The Sense of Agency (SoA) describes the subjective feeling that a given event was caused by our own voluntary action. Normal human functioning, especially in a social context, depends on an intact SoA in order to allocate responsibility and estimate the control one has over a given situation. However, SoA is likely influenced by a range of contextual and affective variables, which are scarcely understood to date. It is the aim of the proposed project to investigate changes in neural and behavioural correlates of agency due to three factors: social exclusion, which affects a person`s control and self-esteem in a social interaction; feeling of shame, which is associated with the perception of uncontrollable failure to meet important standards; and acting as part of a group, which has been shown to lead to the diffusion of responsibility. Understanding variability in the experience of agency due to social and affective influences will improve our understanding of important changes in perception, cognition and behaviour due to these influences. In three different experimental manipulations, we will induce social exclusion, feeling of shame and the experience of acting as part of a group rather than individually. As a behavioural measure of agency we will use the intentional binding effect. Intentional binding describes the phenomenon that the interval between a button press and a subsequent tone is underestimated if the subject perceives that the tone was elicited by their own voluntary button press. We expect that intentional binding will be reduced following social exclusion, as well as following shame induction and when participants perceive the effect to be caused by a group action. We will use functional magnetic resonance imaging to compare the neural networks related to changes in agency due to social exclusion and shame. In the experiment implementing group vs. individual action, we will use EEG to investigate changes in the neural processing of an action`s effect. This work will improve our understanding of how agency is affected by everyday socio-affective situations and elucidate potential mechanisms by which these situations influence human behaviour.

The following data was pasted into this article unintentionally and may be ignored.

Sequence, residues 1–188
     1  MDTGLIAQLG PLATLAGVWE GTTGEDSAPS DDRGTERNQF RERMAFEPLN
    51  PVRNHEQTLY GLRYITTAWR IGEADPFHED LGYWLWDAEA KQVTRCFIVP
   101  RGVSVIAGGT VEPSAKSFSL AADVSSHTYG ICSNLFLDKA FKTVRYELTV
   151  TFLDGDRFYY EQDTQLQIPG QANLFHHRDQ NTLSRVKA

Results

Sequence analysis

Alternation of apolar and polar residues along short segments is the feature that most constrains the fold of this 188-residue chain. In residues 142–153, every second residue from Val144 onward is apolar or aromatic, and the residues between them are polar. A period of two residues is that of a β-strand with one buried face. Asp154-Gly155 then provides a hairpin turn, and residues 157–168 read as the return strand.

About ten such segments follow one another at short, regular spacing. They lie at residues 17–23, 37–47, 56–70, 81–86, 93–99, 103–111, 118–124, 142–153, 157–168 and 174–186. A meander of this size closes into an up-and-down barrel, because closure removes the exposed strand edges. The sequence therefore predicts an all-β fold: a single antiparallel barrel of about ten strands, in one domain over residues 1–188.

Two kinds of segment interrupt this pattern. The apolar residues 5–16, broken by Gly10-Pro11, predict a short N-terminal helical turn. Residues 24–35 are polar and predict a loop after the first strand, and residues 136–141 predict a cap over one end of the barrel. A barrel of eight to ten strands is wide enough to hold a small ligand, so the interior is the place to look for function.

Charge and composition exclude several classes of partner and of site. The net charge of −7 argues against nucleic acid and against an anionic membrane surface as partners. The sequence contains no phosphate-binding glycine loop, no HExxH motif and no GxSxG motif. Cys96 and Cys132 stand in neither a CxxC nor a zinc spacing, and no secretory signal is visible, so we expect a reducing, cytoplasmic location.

Sense of Agency (SoA) - the subjective feeling that a given event was caused by our own voluntary action - is a central aspect of human behaviour and closely linked to self-efficacy and the notion of responsibility. However, while a large proportion of human behaviour occurs in social contexts, it is insufficiently understood to date, how SoA is influenced by socio-affective action contexts. This project explored how different aspects of socio-affective contexts influence SoA, and how SoA is in turn related to learning. In a first study we combined a newly developed paradigm with electroencephalography. We showed that when acting in the presence of another potential agent, compared to acting alone, participants showed a reduction in subjective SoA over the outcomes of their own actions. Further, outcome monitoring, as reflected in the amplitude of the feedback-related negativity, was reduced in response to outcomes that were obtained in a social action context. Based on these findings, we investigated the role of mentalizing processes during the action selection phase using functional magnetic resonance imaging. We found that areas associated with the mentalizing network (temporo-parietal junction, medial precuneus) showed increased activity during the action phase of social trials, compared to non-social trials. Moreover, activity in the precuneus was negatively related to SoA on a trial-wise basis. These findings suggest that the need to consider other people’s intentions and potential actions may interfere with individual action planning, leading to reduced SoA. Thus, mentalizing processes may play a role in the finding that the presence of others can have substantial effects on individual action. In an ongoing study, we are exploring how acting in a positive or negative context affects the detection of control. Preliminary findings suggest that participants are faster at detecting a lack of control when acting in a sad context, but faster at detecting a surplus of control when acting in a happy context. Such findings have potentially important implications for our understanding of affective disorders. In another ongoing project, we explore the effect of instrumental control on associative learning and the development of incentive salience. In a first study based on current models of addiction, we found that active control over the offset of a painful stimulus increases the incentive salience for an offset-related visual cue. This was compared to a visual cue predicting passive pain offset. These findings show an interaction between instrumental and classical conditioning and are currently further investigated using electroencephalography. In conclusion, this project highlighted important interactions between the presence of other people, the affective valence of an action context, sense of agency and associative learning. Future research in this field will help us develop more comprehensive models of human learning in different contexts, the development of a sense of self-efficacy, and ultimately the shaping of social behaviour.